Notes: Pod Sowami Notes: Pod Sowami

There’s a chance I might never be allowed across the bridge after this confession, but when I think of Old Praga I think of half-wrecked buildings and foul-smelling corridors leading to dank, squalid courtyards. But change is afoot: islands of prosperity are emerging as the area takes stop-start steps towards inevitable gentrification.

Set on the corner of Jagiellońska and Okrzei, one such example has been the lavish renovation of Witold Massalski’s pre-war Pod Sowami building. From the outside, visitors view an exterior awash with reliefs depicting bats, dragons and griffins, as well as a soaring turret and a pair of stone owls crowning the tenement. After decades of neglect, it’s now back to its best. Better still, the ground floor unit has been renovated to include a rather special restaurant.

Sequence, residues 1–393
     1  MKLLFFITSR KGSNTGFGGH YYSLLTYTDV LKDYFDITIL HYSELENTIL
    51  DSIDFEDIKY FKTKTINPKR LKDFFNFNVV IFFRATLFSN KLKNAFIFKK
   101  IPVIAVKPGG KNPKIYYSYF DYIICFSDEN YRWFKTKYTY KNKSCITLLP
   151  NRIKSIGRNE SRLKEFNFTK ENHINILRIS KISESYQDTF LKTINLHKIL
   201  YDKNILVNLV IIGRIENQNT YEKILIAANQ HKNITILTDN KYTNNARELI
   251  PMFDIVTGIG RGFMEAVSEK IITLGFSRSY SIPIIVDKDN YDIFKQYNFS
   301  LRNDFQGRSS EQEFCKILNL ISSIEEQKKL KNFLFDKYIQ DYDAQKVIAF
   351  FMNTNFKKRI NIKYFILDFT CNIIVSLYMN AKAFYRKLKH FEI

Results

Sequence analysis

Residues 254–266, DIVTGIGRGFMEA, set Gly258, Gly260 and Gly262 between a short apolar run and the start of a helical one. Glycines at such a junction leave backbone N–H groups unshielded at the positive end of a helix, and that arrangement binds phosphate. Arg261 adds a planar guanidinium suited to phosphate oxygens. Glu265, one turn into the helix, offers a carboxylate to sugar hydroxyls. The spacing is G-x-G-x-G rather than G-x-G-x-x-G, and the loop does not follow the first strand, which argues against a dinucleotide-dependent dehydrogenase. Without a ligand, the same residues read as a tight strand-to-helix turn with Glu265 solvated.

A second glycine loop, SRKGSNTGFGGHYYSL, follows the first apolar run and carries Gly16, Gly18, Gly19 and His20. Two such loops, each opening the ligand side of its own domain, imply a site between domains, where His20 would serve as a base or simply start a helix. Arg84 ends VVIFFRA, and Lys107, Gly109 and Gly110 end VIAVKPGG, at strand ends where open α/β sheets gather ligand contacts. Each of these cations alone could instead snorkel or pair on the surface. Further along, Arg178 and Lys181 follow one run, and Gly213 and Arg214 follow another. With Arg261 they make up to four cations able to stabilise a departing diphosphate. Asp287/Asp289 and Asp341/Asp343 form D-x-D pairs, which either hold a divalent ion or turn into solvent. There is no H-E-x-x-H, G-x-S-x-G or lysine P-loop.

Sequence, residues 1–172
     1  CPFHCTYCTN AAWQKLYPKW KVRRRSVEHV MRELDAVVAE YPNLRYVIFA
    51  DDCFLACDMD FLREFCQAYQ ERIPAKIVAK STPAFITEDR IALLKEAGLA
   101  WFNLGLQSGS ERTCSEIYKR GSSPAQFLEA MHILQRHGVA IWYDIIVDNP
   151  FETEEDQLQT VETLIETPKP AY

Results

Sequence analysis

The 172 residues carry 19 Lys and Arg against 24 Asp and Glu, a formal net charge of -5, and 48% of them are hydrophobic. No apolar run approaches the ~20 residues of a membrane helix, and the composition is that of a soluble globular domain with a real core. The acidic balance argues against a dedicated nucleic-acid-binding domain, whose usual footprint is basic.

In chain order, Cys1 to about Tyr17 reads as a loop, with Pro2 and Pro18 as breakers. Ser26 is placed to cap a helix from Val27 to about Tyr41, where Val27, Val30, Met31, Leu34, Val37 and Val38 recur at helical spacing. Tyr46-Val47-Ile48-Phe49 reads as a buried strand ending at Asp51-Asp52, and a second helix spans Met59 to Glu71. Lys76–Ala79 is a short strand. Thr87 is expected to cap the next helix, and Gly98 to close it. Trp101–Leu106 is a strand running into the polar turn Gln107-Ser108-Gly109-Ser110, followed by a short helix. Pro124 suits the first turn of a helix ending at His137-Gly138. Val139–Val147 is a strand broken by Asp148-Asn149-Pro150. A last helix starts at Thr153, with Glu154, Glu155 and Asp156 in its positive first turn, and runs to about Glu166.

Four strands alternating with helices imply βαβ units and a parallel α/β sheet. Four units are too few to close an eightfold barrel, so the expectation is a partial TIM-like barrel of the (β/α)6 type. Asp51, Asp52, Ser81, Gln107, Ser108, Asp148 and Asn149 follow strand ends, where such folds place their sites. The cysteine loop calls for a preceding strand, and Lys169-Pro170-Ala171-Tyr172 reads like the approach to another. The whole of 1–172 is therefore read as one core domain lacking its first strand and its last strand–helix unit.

Though chic and contemporary, there’s a swank elegance to Bistro Pod Sowami that revives memories of Warsaw’s golden years.

The menu, too, is a work that places emphasis on past, present and future: a showcase of chef Damian Wajda’s skill set, the 15-course tasting menu (60 PLN), is a barrage of tiny plates adorned with slithers of this and whirls of that.

A thrilling roller coaster of twists and turns, it’s a menu that’s high on creativity and expression, yet also pleasingly patriotic in its focus on Polish delicacies.

Impressive on every level, the one question remains: is the rest of shabby Old Praga ready to embrace such a vision – certainly, you’d hope so.

Bistro Pod Sowami
ul. Okrzei 26, facebook

(Words & Photos: AW)

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